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32. Dexterity

How we hold terror with kindness—so that we can get on with the work. Video walkthru today for members, an animated vignette for all.

There was a man 
Not wild not tame
Not small not tall
Grief in his head
Joy in his feet…
What are you 
What for
Out of which wish
and for what desire…

Unknown, from Interference Archive


I go through periods where I drag. I don’t want to do anything. I question everything. This is of course normal—we live in cycles and malaise is an inevitability. I guess we don’t like to talk about it because we resist adding to the darkness, we’re terrified of it, and because the low part of the cycle never seems to lessen in intensity. It returns as vividly and inky and clamoring the 100th time, as it seemed the first time. 

The provocative and shiny thing about this, though, is that there are moments where I shift my terror-, or torpor-, rooted position; turn the slightest bit sidewise, tilt the head minutely…and I can catch a glimmer. Not of anything new—just the same resolute familiar thing in its same resolute familiar place—but for a split second, the seeing is by a different and kinder me, however temporarily, scarcely, and briefly I am kind. 

In these unpredictable moments I snap to a benign perspective where I don’t take things so seriously. It’s a kind of clarity that I wish I could hold onto, and I thrive on the hunch that it’s like an underused muscle—a dexterity that can be attained.


News: Festivals, festivals

An overview of what I’ve been up to, via a 6.5 min video walkthrough for members

A peek at an animated vignette, for everyone

Provisions: Notable films, a letter, an article, and a podcast

NYC gem: Studio relief

Quick recap: I premiered an animated short this past May, after documenting its making in this newsletter for about a year. Now the process is starting all over again! You’re seeing my next film come to life; the topic I’m exploring is the Korean War and memory. This newsletter is above all about PROCESS; shining a light on the thankless period between the beginning and the end of making things. After following along behind the scenes, I hope you’ll be able to share a sense of accomplishment with me when the film is finished.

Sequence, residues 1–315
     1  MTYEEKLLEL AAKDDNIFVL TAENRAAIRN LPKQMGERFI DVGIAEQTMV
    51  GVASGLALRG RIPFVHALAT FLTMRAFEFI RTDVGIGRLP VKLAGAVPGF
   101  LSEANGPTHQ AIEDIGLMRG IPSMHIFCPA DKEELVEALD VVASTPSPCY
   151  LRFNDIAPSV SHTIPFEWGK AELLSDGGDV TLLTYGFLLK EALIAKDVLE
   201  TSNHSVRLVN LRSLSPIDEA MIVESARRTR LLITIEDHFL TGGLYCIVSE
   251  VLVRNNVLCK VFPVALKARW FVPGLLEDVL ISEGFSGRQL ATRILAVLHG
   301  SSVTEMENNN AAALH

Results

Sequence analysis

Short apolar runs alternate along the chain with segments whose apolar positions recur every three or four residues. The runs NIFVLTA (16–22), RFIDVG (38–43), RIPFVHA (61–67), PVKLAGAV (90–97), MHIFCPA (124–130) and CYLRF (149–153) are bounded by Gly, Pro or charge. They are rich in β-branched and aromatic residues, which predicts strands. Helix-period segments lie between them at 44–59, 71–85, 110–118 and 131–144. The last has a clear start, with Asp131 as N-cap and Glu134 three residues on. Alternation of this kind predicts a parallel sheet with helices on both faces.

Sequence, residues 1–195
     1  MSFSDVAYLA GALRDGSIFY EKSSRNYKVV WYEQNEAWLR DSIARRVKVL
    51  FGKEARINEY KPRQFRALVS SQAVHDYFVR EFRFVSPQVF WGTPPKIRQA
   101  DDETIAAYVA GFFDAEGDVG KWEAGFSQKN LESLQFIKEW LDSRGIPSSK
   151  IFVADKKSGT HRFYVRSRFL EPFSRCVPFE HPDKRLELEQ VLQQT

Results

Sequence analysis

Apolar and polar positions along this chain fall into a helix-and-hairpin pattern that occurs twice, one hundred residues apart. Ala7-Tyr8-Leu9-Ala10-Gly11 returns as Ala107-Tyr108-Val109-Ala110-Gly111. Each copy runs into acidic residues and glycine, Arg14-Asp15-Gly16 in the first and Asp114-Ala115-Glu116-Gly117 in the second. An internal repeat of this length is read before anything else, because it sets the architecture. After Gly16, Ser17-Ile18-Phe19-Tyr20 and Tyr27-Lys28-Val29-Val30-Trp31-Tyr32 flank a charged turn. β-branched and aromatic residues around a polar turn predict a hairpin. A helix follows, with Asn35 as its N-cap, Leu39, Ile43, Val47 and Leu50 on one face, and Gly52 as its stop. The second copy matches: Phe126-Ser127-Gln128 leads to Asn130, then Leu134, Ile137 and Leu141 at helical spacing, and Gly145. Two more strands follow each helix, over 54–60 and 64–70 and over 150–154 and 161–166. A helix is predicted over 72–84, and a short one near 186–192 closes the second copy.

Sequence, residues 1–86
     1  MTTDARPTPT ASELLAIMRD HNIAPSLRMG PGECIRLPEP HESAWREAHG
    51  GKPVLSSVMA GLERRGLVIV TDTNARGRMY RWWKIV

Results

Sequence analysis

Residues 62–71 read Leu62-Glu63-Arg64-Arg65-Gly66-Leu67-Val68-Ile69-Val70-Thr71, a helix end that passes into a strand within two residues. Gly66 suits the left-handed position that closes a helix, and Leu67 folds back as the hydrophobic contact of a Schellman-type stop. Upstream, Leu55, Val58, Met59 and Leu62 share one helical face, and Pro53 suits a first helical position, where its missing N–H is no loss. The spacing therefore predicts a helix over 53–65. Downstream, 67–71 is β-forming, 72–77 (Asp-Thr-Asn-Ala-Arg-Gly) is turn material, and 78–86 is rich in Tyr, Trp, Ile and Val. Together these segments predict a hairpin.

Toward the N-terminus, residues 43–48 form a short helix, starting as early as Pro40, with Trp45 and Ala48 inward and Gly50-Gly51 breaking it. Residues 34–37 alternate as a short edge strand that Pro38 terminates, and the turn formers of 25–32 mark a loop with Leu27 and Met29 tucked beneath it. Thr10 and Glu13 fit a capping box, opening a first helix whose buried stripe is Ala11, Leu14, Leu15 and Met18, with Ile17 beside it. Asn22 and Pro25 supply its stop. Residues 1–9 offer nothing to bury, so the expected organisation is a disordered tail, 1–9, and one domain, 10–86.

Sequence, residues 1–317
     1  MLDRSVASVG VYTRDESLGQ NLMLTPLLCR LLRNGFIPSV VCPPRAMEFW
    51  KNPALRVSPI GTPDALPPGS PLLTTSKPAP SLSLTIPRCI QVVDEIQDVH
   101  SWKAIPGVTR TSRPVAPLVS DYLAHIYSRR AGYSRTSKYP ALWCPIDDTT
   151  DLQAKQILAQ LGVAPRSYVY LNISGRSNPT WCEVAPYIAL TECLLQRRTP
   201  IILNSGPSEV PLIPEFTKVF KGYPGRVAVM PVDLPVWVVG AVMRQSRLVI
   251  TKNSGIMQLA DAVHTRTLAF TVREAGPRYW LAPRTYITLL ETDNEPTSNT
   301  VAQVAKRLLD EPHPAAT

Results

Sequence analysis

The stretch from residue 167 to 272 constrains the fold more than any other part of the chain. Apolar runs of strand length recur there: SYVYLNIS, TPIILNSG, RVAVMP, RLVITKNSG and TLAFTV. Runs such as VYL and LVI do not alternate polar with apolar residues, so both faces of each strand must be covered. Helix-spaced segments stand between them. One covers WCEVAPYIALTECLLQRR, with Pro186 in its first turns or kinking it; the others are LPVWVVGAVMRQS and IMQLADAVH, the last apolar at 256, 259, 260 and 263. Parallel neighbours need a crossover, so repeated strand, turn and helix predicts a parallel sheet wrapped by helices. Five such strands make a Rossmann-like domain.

Festivals, festivals

My animated short Chamoe is screening right here in NYC on August 13th, as a part of Animation Block Party’s 2022 Summer Fest. Tickets available now. I can’t believe this is happening next weekend 🙀 We’ll be hanging at a local bar afterward; bring friends, say hi.

I was in North Korea with feminist icon Gloria Steinem and Nobel Peace Laureates Leymah Gbowee and Mairead Maguire, on a peace mission in 2015. The documentary is now screening at the Asian American International Film Festival (NYC) at 6pm August 4th (Forbes highlight); I’ll be doing a Q&A with other members of the cast afterward. Come and say hello!

A video walkthrough

For members: something new this week! I put together a 6.5 minute video of what I’ve been up to in the Studio:

A flip through the sketchbook 01:51

How I went from overwhelmed to organized 02:17

Running into a creative roadblock 04:06

Getting unstuck 04:55

Experimental vignette in Photoshop 05:30

I don’t know how often I’ll do this, but if the video with voice-over resonates with you, I’ll continue experimenting with the format. Lemme know what you think! Reply by email or comment on the post.

A peek at animating a vignette

For everyone: let’s zoom in on a specific thing I worked on. I’ve been exploring ideas for my next animated short through vignettes, and for my latest, I drew lines for four looping face animations. They’re about 5 seconds each, and at 24 frames a second, 2 frames per image, we get about 60 images per loop.

All the images in a loop display simultaneously—as a composite—when I first bring them into Photoshop:

I love composites—they seem to tell their own stories outside the constraints of time.

Here’s the face playing in a 5 second loop. The expression is reminiscent of the sleeping, or the resigned:

The faces don’t make much sense laid on top of each other as a still:

But with movement, a story begins to emerge. We get inklings; possibilities:

I added texture and color to each of the faces—I ended up using only three out of the four—and changed opacity and blend modes to allow them to show through each other. I imagine these figures “holding” something that has happened, something that they’ve shared:

A contrast to end on:

Stay tuned as this idea continues to develop…

I hope this issue felt lighter and tighter to everyone, while still provoking thought, emotion, and interest. I welcome feedback as always.

Until next time!

Looking for more?

Other issues you might find interesting from the archive:


Creating a “style primer

How I animated a bear

Fine art prints but make it practical

Members, read on for Provisions—what I’ve been taking in to refuel creatively and otherwise—plus a NYC gem. The full 6.5 min header video is also for you, hope you enjoy ❤️

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Coleen Baik